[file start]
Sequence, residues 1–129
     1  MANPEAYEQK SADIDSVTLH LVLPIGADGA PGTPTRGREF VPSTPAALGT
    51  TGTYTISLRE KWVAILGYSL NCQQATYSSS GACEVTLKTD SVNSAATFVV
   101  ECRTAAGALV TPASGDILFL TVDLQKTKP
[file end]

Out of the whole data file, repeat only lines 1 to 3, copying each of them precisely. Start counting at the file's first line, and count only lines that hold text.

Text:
Sequence, residues 1–129
     1  MANPEAYEQK SADIDSVTLH LVLPIGADGA PGTPTRGREF VPSTPAALGT
    51  TGTYTISLRE KWVAILGYSL NCQQATYSSS GACEVTLKTD SVNSAATFVV